The Roosevelt elk populate the parks along California’s north coast and comprise the largest land mammals in the parks, some weighing up to 1,200 pounds. They are a stable terrestrial land mammal population, a fixture in the parks, but still require ongoing stewardship and management.
In a study spanning more than twenty years, Weckerly made key observations and conducted various investigations under a multitude of ecological conditions. Few authors have dedicated this much time and effort into a single research area. It is a testament to perseverance that his groundbreaking study of the Roosevelt elk was so successful. He was able to document the independent dynamics of several herds of female elk, experience the extinction of one of their subpopulations, and record scientific conclusions in the context of resiliency and redundancy of the elk population.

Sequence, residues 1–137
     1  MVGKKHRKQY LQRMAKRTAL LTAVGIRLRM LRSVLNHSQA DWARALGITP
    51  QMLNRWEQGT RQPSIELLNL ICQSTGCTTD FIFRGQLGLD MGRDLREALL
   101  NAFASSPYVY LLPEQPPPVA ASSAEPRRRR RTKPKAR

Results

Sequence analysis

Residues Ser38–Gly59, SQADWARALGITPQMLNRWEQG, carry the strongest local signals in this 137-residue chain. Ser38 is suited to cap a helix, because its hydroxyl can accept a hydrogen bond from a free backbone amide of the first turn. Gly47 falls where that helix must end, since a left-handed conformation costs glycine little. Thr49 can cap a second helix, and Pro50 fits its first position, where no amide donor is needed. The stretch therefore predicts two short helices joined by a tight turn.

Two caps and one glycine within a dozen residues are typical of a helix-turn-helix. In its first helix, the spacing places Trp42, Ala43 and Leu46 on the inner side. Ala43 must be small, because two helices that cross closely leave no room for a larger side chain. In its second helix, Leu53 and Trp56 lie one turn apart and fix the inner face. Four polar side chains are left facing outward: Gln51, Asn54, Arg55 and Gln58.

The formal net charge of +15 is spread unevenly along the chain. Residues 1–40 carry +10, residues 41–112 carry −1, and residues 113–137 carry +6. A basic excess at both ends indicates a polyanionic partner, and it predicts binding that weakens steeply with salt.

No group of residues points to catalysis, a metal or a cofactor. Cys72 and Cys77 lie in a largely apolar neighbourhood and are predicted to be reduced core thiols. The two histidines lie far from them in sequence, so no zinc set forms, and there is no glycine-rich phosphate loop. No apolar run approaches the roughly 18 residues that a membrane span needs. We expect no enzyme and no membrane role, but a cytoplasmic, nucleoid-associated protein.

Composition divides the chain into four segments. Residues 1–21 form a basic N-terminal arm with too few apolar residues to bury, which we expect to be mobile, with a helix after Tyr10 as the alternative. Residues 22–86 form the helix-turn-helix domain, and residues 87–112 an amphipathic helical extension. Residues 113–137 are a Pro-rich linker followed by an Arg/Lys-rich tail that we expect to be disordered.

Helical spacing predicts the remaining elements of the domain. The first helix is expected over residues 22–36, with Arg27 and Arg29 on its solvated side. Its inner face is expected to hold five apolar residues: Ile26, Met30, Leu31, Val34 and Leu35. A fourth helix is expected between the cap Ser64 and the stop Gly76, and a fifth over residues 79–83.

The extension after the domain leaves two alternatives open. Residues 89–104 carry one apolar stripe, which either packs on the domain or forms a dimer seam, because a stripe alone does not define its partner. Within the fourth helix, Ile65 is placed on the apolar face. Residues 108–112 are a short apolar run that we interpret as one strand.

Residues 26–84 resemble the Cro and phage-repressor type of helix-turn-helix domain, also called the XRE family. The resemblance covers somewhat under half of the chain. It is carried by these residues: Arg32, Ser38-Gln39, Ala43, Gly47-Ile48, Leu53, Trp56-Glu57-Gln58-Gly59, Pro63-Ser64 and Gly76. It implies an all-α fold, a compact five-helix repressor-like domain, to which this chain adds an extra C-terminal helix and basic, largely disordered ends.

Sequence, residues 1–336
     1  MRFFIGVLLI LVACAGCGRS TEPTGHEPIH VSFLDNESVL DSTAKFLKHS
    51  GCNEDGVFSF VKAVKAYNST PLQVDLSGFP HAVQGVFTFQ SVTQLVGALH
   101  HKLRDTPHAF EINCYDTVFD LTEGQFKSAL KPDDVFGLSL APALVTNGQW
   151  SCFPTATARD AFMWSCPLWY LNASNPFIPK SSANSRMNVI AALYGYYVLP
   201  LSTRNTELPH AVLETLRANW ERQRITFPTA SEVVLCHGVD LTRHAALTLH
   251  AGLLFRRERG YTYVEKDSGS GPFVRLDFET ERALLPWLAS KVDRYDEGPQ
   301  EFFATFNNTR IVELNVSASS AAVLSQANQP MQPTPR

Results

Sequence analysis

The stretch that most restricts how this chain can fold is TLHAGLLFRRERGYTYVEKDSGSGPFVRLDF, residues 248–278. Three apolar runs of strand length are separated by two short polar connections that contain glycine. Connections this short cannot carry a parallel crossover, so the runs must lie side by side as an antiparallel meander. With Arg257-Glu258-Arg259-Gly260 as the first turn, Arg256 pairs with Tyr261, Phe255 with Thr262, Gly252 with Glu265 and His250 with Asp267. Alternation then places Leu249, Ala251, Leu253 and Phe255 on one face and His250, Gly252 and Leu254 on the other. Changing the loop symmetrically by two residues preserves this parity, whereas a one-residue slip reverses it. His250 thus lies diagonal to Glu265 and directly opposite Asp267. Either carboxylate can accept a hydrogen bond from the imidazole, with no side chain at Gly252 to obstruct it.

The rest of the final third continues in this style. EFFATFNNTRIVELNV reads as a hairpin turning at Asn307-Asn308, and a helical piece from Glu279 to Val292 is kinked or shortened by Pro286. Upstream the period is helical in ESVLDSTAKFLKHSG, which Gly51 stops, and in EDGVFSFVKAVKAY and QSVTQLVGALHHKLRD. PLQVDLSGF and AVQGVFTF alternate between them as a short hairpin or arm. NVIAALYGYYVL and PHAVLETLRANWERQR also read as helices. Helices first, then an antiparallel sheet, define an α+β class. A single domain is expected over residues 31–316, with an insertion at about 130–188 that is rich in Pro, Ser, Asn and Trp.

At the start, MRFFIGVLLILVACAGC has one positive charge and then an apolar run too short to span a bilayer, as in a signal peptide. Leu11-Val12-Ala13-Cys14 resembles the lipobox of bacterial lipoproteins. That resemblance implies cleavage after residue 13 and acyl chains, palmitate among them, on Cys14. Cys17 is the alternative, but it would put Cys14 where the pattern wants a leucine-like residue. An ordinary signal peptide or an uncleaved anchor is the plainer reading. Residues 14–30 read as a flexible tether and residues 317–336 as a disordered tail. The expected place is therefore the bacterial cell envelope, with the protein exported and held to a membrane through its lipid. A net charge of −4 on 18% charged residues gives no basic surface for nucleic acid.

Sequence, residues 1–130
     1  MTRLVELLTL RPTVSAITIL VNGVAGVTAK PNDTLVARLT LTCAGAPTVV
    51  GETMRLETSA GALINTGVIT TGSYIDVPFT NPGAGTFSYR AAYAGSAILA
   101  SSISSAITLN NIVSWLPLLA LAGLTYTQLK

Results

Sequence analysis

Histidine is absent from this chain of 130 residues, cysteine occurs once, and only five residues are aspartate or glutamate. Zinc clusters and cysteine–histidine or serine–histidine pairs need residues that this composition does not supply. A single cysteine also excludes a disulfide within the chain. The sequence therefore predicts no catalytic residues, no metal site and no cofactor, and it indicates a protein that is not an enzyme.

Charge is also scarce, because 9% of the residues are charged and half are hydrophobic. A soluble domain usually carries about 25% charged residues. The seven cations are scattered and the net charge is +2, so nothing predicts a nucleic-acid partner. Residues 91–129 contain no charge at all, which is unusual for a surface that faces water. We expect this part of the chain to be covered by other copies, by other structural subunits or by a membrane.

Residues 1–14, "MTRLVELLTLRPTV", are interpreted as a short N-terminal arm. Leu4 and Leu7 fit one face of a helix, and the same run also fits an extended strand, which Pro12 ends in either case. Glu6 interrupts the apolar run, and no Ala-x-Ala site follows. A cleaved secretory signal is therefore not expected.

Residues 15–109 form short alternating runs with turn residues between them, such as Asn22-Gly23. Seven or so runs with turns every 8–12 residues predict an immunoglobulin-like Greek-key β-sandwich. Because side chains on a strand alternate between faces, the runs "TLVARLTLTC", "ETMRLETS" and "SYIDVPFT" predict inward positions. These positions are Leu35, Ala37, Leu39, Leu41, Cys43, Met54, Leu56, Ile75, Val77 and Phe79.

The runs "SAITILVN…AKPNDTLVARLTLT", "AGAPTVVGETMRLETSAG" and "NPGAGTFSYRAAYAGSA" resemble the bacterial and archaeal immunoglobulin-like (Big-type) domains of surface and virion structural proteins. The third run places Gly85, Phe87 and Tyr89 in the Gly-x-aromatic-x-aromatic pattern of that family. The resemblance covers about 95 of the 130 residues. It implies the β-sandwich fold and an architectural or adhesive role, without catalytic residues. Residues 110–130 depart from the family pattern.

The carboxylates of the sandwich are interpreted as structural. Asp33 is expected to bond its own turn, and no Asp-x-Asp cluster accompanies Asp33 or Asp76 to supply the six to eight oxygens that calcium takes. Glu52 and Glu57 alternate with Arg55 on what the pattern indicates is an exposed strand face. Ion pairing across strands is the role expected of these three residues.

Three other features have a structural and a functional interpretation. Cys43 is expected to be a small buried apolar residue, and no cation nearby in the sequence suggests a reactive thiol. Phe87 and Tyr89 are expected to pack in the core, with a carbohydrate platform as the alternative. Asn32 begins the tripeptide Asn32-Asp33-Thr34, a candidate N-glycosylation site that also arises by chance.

This book will be of considerable interest to those who investigate the ecology of big game animals, including naturalists, hunters, and individuals with particular interest in Redwood State and National Parks. It is an important book that contributes substantially to the persistence and viability of Roosevelt elk in the parks and the surrounding area.